The movie doesn’t share the perspective that Renee is a hideous sea hag unworthy of human love, nor does it encourage us to see her that way. On the contrary, writer-directors Abby Kohn and Marc Silverstein (who have scripted rom-coms like “Never Been Kissed” and “How to Be Single”) focus on the fact that Renee feels awful, even if her insecurities are mostly self-inflicted.”
Kate Erbland (seven of the ten capsule entries) on films by female filmmakers coming this summer for Indiewire:
When she was growing up, Ruth Bader Ginsburg’s beloved mother Celia gave her two lessons to guide her through life: “Be a lady” and “Be independent.” That two-pronged approach appears to have influenced every aspect of the Supreme Court justice’s life, both personal and political. In Betsy West and Julie Cohen’s wide-ranging “RBG,” Ginsburg’s life — and its many lessons, both learned and taught — come to entertaining and energetic life. It’s a fist-pumping, crowd-pleasing documentary that makes one heck of a play to remind people of Ginsburg’s vitality and importance, now more than ever. “RBG” serves as a compelling Ginsburg primer, and West and Cohen are understandably interested in driving home just how fully she fought back sexism at every stage of her professional life, from her experience at Harvard Law to her first steps into full-time work to her Supreme Court appointment. Yet it’s the insights into her personal life that feel the most vital, moving “RBG” beyond the kind of information you could read on a Wikipedia page (as ably and entertainingly rendered as they may be on the big screen). -KE”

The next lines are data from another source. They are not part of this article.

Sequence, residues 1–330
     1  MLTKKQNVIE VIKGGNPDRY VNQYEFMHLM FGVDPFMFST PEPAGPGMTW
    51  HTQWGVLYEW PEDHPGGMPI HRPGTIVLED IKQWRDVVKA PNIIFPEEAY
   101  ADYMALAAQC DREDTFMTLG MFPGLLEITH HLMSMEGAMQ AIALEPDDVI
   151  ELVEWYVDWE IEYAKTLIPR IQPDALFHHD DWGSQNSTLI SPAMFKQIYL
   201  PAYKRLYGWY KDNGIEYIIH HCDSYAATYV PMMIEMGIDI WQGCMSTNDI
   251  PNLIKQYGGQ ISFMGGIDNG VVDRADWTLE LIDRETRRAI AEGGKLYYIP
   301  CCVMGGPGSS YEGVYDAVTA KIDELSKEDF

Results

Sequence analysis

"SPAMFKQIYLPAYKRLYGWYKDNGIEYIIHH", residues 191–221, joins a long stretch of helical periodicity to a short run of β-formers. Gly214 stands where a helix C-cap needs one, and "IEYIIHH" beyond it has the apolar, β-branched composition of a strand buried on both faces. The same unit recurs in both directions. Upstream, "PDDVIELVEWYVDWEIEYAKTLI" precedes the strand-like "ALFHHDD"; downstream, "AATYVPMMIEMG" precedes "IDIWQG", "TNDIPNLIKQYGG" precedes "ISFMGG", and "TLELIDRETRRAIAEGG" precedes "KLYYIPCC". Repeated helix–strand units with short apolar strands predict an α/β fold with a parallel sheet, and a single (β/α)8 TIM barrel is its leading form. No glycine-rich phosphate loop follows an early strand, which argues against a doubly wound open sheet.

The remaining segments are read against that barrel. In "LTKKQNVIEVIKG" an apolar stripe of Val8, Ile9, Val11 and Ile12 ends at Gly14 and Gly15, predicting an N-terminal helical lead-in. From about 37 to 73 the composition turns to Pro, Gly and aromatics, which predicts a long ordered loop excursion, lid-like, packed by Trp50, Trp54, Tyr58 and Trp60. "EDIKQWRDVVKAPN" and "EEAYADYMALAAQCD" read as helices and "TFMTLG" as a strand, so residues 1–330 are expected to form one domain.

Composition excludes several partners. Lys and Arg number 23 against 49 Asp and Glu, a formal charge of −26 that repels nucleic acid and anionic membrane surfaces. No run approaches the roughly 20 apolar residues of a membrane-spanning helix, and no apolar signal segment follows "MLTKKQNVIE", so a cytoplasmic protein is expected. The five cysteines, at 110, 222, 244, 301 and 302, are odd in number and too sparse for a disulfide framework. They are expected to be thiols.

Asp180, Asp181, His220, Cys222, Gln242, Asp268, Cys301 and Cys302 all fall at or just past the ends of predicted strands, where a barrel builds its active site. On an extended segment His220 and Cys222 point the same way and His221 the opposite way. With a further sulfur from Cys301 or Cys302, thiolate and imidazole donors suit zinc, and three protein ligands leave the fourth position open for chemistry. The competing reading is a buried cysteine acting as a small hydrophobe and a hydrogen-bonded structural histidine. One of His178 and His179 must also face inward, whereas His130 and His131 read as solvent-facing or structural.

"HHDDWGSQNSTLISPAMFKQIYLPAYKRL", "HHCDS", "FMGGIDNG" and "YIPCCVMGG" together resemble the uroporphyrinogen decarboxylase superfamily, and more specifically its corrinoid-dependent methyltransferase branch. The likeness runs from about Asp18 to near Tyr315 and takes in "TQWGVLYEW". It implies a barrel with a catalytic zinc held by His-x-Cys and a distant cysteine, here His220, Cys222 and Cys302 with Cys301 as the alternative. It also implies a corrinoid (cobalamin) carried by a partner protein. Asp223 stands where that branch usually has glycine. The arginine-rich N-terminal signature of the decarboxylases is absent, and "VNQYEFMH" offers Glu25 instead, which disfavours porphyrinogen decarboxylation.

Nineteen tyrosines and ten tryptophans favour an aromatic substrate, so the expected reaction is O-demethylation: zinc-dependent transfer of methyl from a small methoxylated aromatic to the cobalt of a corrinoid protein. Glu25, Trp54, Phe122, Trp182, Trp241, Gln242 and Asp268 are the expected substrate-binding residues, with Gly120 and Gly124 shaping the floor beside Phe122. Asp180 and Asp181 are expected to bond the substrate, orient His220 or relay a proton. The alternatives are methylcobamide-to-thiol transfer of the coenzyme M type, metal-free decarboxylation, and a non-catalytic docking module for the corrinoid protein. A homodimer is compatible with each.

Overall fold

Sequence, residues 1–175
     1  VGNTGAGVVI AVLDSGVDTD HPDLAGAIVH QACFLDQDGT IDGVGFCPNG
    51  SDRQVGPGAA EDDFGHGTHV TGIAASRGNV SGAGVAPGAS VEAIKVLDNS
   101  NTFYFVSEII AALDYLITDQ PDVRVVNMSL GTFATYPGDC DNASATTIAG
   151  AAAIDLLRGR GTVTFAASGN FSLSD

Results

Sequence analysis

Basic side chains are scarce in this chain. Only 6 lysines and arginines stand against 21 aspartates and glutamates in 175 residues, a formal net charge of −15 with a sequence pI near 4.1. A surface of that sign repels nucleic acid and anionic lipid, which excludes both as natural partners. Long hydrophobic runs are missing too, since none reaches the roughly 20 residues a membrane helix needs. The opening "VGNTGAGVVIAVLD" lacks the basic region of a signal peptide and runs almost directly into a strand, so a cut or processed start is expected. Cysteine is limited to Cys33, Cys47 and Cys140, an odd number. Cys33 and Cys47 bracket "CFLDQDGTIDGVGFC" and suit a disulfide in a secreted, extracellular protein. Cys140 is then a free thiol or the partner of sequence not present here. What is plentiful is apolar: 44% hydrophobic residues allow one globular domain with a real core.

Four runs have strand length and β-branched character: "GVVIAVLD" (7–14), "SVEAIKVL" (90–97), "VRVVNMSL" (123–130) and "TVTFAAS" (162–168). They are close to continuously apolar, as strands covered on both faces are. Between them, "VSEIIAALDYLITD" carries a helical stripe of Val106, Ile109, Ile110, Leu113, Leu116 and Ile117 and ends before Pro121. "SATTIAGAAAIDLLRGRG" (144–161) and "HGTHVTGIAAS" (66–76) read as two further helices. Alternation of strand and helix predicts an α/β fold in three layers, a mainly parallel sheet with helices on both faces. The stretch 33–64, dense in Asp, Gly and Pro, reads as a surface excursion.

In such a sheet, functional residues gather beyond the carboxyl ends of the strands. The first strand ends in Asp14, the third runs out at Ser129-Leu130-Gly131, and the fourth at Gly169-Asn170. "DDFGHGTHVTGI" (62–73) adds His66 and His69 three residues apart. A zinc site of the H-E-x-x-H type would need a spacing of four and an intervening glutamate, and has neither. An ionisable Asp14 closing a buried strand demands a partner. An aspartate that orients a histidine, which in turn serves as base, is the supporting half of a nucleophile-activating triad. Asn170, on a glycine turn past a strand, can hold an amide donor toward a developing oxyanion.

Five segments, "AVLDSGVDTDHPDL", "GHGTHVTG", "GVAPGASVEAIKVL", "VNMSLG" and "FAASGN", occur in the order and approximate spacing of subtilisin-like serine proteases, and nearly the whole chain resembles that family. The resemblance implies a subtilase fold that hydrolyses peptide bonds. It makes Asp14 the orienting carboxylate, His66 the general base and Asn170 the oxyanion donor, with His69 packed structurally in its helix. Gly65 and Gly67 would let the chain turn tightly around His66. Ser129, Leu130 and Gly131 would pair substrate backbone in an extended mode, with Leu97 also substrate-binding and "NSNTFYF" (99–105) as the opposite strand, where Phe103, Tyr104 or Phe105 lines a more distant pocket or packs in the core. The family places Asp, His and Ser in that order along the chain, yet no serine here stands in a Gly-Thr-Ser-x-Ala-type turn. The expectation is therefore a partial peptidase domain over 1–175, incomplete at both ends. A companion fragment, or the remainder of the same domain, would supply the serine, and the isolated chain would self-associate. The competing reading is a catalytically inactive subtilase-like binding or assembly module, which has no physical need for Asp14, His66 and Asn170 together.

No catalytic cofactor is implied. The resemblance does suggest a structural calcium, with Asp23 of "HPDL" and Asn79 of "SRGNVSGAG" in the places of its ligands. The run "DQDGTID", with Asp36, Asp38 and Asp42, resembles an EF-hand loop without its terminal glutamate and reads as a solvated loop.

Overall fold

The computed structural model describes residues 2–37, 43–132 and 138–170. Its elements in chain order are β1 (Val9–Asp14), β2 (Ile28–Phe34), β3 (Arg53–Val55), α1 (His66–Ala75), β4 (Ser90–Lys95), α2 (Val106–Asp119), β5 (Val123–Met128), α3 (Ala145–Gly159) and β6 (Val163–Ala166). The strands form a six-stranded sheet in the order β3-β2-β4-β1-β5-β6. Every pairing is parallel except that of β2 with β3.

Genevieve Koski on her #FilmStruck4
Thank you to everyone who's tagged me in the #FilmStruck4 challenge, being paralyzed with indecision and self-doubt is such a hoot! (I will do it eventually. Maybe.)